Wednesday, August 05, 2009

 

Are Open Primaries a Bit too Democratic?


I remember helping to choose Ann Coffey, our Stockport MP. Several candidates spoke their pieces and then we voted. But it was just us lot from Stockport Labour Party. Yesterday the Tories, replaced Anthony Steen- not before time I hear you think- with Sarah Wollaston. It was done though an open primary system whereby every voter in the constituency has a say in selecting who represents each party in the general election. The system is widely used in the USA where they tend to be more scrupulous about how democratic their democracy is than we are. Martin Bell and David Cameron are both in favour. And so, I think, am I but I do have my doubts.

When everyone has a vote it will tend to make the candidates more acceptable across the constituency and less likely to be extreme. On the ther hand I can see quite a few disadvantages:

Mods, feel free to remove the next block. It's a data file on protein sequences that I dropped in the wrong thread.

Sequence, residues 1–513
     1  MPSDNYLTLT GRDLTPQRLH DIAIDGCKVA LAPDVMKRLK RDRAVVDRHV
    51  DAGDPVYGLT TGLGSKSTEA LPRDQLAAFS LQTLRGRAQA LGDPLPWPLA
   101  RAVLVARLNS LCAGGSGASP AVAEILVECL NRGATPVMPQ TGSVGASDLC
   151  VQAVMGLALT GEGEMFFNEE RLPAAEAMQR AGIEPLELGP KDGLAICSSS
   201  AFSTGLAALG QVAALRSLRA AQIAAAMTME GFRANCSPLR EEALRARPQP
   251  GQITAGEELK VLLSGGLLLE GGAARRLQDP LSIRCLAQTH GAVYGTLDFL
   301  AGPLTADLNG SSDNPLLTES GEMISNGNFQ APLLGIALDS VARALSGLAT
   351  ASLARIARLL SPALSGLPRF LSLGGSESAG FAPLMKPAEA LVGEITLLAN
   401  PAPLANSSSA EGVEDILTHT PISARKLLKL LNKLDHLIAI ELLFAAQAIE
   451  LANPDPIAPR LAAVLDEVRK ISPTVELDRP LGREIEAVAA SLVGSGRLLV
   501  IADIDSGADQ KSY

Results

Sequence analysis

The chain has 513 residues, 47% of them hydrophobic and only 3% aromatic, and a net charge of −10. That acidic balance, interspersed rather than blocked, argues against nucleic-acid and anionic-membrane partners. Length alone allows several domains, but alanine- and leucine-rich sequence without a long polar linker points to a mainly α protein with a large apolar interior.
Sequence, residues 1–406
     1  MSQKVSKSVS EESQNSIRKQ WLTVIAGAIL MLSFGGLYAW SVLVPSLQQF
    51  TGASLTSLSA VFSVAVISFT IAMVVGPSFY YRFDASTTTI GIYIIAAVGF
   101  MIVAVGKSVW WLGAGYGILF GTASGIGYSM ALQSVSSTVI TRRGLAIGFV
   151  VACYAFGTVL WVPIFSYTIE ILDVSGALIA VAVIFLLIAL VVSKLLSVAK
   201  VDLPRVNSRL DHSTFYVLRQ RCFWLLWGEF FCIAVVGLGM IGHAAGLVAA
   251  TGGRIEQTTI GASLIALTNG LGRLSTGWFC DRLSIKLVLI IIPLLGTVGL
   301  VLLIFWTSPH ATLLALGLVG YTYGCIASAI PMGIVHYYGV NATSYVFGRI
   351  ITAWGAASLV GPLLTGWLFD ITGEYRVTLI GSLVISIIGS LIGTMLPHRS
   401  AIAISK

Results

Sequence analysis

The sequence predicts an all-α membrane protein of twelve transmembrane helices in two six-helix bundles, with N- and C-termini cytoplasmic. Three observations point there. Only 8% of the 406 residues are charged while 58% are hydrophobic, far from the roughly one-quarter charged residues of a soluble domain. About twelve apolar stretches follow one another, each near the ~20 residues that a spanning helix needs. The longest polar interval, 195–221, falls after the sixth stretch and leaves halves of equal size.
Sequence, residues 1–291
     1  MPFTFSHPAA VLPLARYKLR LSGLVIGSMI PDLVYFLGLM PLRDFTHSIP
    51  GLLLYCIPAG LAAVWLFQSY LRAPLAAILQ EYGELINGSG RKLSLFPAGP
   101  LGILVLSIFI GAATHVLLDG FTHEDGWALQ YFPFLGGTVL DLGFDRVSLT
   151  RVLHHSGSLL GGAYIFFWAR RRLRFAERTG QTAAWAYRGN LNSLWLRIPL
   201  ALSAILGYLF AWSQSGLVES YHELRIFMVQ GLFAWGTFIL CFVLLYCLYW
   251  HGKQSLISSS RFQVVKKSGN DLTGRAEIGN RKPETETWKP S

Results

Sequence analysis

1. It costs about £40,000 to run a postal primary like this.

2. Opponents can vote tactically to help select the candidate they think will lose against theirs.

3. By making candidates tooacceptable would we not produce too much homogeneity? Too much blandness? Might it not spell the end of radical voices?
Surely we want political parties to offer genuine choices to the voter?

So I'm still not sure. If we emasculate such choice at such an early stage, are we not actually diminishing democratic choice?

Comments:
On Newsnight several days ago Sarah Wollaston proudly announced that she had spent a grand total of £0 on her campaign. I wonder how / why she won.
 
Do you know something I no longer give a shit who runs the country or what you do with it.
 
Has 12 years of Nu Labor faied to energise anon?
 
New Labour, Tories, old Labour, new Tories, it will make little difference to my life....
 
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